Beware the Blow Back

Beware the Blow Back

by / May 1, 2002
"It's not about moving to the Internet, it's about a multi-channel ecosystem."

That line, which originated in the keynote address at a recent Government Technology Conference, spread like a virus through the breakout sessions, and then across the exhibit floor.

Captains of industry were repeating it, as were some public-sector managers and chief information officers.

Before we accept the assertion at face value, and have it permeate our speech, thinking and assumptions, it is useful to unpack it for its potential (un)intended consequences.

The "multi-channel ecosystem" - an elegant coupling attributed to Tom Siebel of the software company that bears his name - encompasses Web services, call centers, customer relationship management and the like.

This new conventional wisdom reflects, at best, the perfection of means and the confusion of ends - "it" is no more about a multi-channel environment than "it" is about moving to the Internet. It is about the relationship between citizens and their government. Will technology be used to give government back to the people, and, in so doing, transform old, tired processes?

The answer to that question becomes clouded because the multi-channel ecosystem commingles both disruptive and enabling technologies. The combined mass appears to grow, creating the impression that expanding capacity must surely bring with it additional layers of cost and complexity.
What of the promise that the disruptive nature of the Internet holds the potential to drive the cost out of processes and ultimately simplify the relationships among citizens, businesses and government?

That appears to get lost in the fog, as does the legitimate proposition that government can, and should, prioritize service delivery and make choices among delivery channels.

We are told that unlike the private sector, government cannot choose its customers. True. Therefore, we are told, existing channels cannot be shut down in favor of the new avenues. History suggests otherwise. Governments still care for at-risk parentless children and people with infectious diseases, but gone are orphanages and sanitariums.

In closing these historic institutions, deliberate policy and investment choices were made to move toward a different and improved future.

We are nearing another such historic decision point.

Budgets are being balanced through deep cuts to programs people care about - social services, education and parks. One governor has even put the state library on the block. In such a climate, the notion of a multi-channel environment is being appropriated to provide cover for processes that might otherwise be in jeopardy - including paper forms, the original red tape channel.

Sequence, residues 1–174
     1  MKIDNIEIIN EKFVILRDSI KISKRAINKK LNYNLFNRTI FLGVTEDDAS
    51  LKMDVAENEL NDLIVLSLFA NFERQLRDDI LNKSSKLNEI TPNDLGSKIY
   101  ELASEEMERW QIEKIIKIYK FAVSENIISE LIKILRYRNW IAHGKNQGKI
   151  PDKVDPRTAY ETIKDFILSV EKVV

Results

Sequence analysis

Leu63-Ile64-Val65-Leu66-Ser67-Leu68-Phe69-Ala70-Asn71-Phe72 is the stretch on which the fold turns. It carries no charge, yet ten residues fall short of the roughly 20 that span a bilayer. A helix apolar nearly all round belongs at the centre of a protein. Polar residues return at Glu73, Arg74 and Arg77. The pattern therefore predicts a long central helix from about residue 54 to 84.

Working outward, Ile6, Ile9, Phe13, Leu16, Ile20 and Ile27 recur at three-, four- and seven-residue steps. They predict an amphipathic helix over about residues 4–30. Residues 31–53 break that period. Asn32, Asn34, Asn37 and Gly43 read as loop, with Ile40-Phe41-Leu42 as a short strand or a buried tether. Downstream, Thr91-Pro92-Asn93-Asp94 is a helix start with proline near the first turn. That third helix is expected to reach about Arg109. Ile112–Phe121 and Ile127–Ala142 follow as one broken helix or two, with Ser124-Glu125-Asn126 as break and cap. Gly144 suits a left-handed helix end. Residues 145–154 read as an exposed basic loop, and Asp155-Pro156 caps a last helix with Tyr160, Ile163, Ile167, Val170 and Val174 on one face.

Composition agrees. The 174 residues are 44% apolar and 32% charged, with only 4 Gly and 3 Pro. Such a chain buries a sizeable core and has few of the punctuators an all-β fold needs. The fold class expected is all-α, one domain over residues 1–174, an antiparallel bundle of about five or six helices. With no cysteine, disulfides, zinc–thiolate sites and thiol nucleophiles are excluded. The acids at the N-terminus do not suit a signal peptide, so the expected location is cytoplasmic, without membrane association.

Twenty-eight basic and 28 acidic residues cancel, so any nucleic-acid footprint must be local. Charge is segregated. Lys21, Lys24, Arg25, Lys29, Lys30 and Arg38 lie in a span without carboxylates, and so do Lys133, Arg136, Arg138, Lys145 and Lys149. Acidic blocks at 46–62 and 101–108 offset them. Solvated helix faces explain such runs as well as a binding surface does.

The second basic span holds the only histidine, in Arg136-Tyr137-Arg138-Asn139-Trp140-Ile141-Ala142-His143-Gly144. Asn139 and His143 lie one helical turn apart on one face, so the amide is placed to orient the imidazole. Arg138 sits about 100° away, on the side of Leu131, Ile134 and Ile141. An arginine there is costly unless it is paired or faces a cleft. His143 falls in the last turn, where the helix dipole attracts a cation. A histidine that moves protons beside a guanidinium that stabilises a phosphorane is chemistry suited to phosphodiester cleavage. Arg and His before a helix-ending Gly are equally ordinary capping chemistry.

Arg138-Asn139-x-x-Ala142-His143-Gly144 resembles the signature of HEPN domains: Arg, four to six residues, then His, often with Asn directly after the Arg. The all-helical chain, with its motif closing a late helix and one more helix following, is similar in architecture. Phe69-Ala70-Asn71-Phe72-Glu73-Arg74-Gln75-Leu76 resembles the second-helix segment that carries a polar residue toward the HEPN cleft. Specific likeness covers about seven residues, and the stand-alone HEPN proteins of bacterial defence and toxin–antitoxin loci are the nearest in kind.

While the public sector has adopted the multi-channel story line as a defensive posture, the private sector is playing offense with the concept. The multi-channel approach opens new opportunities to sell a greater range of business software into the government market, which some regard as a safe haven during a recession. As the two sectors use a common phrase to talk past each other, it could well wind up as a festival of unmanaged expectations.

The other tension here is an impulse to add new layers on top of existing structures, rather than working back from a preferred future and making tough calls about what fits and what does not in the long term. There is value in some existing processes, which can and should be a continuing part of the mix.

For example, big iron data processing is uniquely able to handle the volume and complexity of data needed to administer government programs. There are other processes for which there is only a Fiddler on the Roof defense, a Tevye-inspired declaration of, "Tradition!"

The Internet is uniquely able to cause us to confront arcane bureaucratic processes and put services directly in the hands of citizens and businesses.

Still with Tevye, the singing milkman philosopher animated the folly of adhering to traditional means when the underlying reason for the tradition had long since past, or been forgotten. It happens to the best of families, and to the most established of institutions.
Paul W. Taylor Contributing Writer

Paul W. Taylor, Ph.D., is the editor-at-large of Governing magazine. He also serves as the chief content officer of e.Republic, Governing’s parent organization, as well as senior advisor to the Governing Institute. Prior to joining e.Republic, Taylor served as deputy Washington state CIO and chief of staff of the state Information Services Board (ISB). Dr. Taylor came to public service following decades of work in media, Internet start-ups and academia. He is also among a number of affiliated experts with the non-profit, non-partisan Information Technology and Innovation Foundation (ITIF) in Washington, D.C.